Spirits giant Diageo has announced plans to invest £150m over three years to "transform" its Scotch whisky visitor offerings.
The centrepiece will be a Johnnie Walker "immersive visitor experience" based in Edinburgh, highlighting the story of the whisky brand.
Diageo will also upgrade its network of 12 distillery visitor centres.
The company said it was the "biggest concerted programme ever seen in Scotland's whisky tourism sector".
Four distilleries - Glenkinchie, Cardhu, Caol Ila and Clynelish - will be linked directly to the Johnnie Walker venue in Edinburgh, representing the "four corners of Scotland".
Diageo hopes the move will encourage visitors to travel to Scotland's "extraordinary" rural communities.
Other visitor distilleries, including Lagavulin, Talisker, Glen Ord, Oban, Dalwhinnie, Blair Athol, Cragganmore and Royal Lochnagar, will also see investment to support the growth of single malt Scotch whisky.
Diageo chief executive Ivan Menezes said: "Scotch is at the heart of Diageo and this new investment reinforces our ongoing commitment to growing our Scotch whisky brands and supporting Scotland's tourism industry.
"For decades to come our distilleries will play a big role in attracting more international visitors to Scotland."
Diageo now plans a tie-up with Scottish Enterprise and VisitScotland to promote Scotch and Scotland to potential visitors around the world.
Analysis by Douglas Fraser, BBC Scotland business/economy editor
Before it was called Diageo, it was Guinness. With that stout in the company's portfolio, it took an old Dublin building, re-designed it to look something like a black pint with a white froth, and made it into Ireland's biggest paid-for visitor attraction.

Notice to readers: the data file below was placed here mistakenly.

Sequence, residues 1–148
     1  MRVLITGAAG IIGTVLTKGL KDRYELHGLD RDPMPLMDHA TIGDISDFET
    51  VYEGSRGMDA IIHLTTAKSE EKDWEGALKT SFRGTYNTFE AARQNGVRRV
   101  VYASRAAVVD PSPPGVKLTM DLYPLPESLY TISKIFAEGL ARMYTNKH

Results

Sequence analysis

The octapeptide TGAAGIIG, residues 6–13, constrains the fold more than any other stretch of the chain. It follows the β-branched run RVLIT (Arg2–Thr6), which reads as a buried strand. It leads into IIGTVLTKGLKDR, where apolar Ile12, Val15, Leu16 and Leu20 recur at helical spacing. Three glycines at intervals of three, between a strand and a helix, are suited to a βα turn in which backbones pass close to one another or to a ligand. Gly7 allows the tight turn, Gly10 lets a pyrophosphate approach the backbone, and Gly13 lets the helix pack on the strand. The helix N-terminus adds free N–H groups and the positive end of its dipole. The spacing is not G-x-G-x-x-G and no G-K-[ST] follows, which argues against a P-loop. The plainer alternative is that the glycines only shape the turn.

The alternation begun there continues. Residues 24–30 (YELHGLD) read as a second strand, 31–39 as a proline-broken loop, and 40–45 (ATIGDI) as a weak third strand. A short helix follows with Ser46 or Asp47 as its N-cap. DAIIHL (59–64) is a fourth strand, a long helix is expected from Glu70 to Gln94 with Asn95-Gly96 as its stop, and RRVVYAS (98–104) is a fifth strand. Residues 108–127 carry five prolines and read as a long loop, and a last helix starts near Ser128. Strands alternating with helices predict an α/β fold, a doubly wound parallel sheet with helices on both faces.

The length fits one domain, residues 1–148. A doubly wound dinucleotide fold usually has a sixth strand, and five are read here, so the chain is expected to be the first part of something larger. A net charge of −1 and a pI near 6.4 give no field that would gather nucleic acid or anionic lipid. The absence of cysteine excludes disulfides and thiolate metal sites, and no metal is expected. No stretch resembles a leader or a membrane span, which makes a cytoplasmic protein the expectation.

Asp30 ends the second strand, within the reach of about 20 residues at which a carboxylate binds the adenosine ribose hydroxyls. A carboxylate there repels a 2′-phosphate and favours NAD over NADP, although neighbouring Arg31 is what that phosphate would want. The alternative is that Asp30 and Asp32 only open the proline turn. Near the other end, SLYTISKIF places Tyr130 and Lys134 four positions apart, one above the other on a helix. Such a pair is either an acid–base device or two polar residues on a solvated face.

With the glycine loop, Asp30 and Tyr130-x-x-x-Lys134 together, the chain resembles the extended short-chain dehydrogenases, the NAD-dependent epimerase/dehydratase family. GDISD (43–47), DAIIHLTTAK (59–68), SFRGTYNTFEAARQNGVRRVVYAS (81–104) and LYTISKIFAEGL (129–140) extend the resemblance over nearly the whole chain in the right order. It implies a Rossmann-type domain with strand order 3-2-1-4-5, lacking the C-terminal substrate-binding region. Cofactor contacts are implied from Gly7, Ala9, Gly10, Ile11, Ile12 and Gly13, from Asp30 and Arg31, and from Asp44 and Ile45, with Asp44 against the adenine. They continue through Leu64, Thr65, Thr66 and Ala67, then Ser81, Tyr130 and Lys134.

As Guinness has shown, an iconic brand has to backed by marketing. It may have lots of regular drinkers, but it always has to recruit new ones.
The challenge is even greater when you've laid down nine million casks of whisky, as a bet on the consumer thirst being there for many years to come.
Diageo gambled on the continued upward curve of demand from the emerging middle class.
It spent more than £1bn on expanding capacity, two new mega-malt distilleries, warehousing and new bottling lines (while facing strong criticism for closing those where Johnnie Walker started out, in Kilmarnock). To that, it recently added the re-opening of ghost distilleries in Port Ellen and Brora.
It is unlikely to get permission to acquire other companies, as it already has 40% of the Scotch industry.
So deepening that market is the direction it's chosen to go, building stronger relationships with consumers and tapping into a growing interest in provenance, and consumption being as much about the product as the experience.
It can pay off for the whole industry, and for Scotland's image abroad. But first, it's got to find the right site in Edinburgh.
First Minister Nicola Sturgeon said: "This significant investment will not only help attract more tourists to Scotland, offering world-class visitor experiences, but it also underlines the fundamental importance of the whisky sector to Scotland's economy."
Scottish Secretary David Mundell said whisky was "hugely important" to Scotland's economy.
He added: "I welcome Diageo's major new investment. It is hugely exciting, not just for Scotland but for whisky drinkers around the world who want to learn more about the history and traditions of our national drink."